A little while back I reported on the success of a massive polio vaccination campaign in Tajikistan, which stopped polio dead in its tracks within months of the vaccination campaign start. A similar effort is now under way in Angola, Africa, which is experiencing an outbreak of wild poliovirus, that seems to have spread in neighbouring Congo.
The country’s Ministry of Health has reported 19 cases of wild poliovirus since the start of the year, with six of Angola’s 18 provinces having been affected.
Polio cases originating in Angola have spread across the border to the Democratic Republic of the Congo (DRC).
“Polio virus can travel from village to village and country to country through un-immunized children,” cautioned Koenraad Vanormelingen, UNICEF Representative in Angola.
Low routine immunization rates and the lack of adequate water and sanitation facilities across Angola and Africa in general make children especially vulnerable to polio and other infectious diseases, he said.
This effort is backed by the United Nations Children’s Fund (UNICEF) and the World Health Organization (WHO). $9 million has been earmarked for this effort, and “tens of thousands of volunteers, health workers, parents, social activists and soldiers, along with community, religious and traditional leaders, will go door-to-door in villages across Angola to hand deliver polio vaccines to every child under five.”
The first leg of this campaign took place August 6-8, with the follow-up leg scheduled for September 10-12, 2010. I have been unable to find comprehensive coverage numbers, however one province is reporting that over 400,000 children received the polio vaccinations during the 3 day span in August. The goal, as expressed by UNICEF is to reach 5.6 million children under 5 years of age with this year’s campaign. We will keep an eye out for further developments regarding this story.
An outbreak of polio in Tajikistan has been halted thanks to vigorous vaccination efforts by 1,000 teams of doctors and nurses. The effort took three months to bear fruit, and was sponsored jointly by USAID and the Tajikistan Ministry of Health. The outbreak infected a reported 430 people, with 19 fatalities, before it was brought under control. The most recent round of vaccinations was conducted on 15–19 June . Preliminary data report coverage of 99.3, with coverage higher than 97% reported from all regions and in the groups aged 0–6 and 7–15 years. Correspondingly, no new cases of infection have been recorded since June 21st. International travelers to this area, and other areas where polio is present, are advised to check with their health care provide to ensure that they are properly vaccinated against the disease.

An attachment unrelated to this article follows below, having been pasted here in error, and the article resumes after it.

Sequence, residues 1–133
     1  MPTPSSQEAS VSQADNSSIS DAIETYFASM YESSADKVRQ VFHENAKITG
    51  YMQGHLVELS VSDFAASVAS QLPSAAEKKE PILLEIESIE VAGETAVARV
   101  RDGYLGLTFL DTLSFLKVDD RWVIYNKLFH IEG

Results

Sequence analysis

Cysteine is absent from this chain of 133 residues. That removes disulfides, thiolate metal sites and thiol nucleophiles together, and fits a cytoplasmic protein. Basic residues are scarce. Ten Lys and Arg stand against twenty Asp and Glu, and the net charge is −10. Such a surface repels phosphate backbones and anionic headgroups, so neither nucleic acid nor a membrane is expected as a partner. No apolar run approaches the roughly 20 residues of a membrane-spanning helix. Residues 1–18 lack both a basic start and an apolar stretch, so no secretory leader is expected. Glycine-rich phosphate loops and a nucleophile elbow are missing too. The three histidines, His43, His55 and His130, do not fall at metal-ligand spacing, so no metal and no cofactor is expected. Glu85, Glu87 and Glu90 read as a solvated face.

DUSHANBE, Tajikistan —
Health officials in Tajikistan will start a nationwide polio vaccination campaign Saturday in response to the first outbreak of the disease in the Central Asian country in over a decade.
Tajik deputy Health Minister Azam Mirzoyev said 32 cases of polio have been confirmed including one fatality, and the World Health Organization said it was testing more than 100 other suspected cases.
The polio cases were among 171 people who had acute flaccid paralysis since January in the southwest of Tajikistan, including the capital, Dushanbe, WHO spokeswoman Sona Bari said in Geneva.
UNICEF supplied 4 million doses of polio vaccine to Tajikistan earlier this week. WHO says the polio virus causing the outbreak is most closely related to the virus circulating in northern India. The last case of polio previously detected in Tajikistan was in 1997.
Last week, WHO sent a team to Tajikistan to investigate the outbreak.
WHO experts are trying to determine how the virus got from India to Tajikistan, Bari said.
“There’s trade and travel between the two countries. As part of the investigation, we have people there looking at those travel routes and those trade relationships,” she told The Associated Press.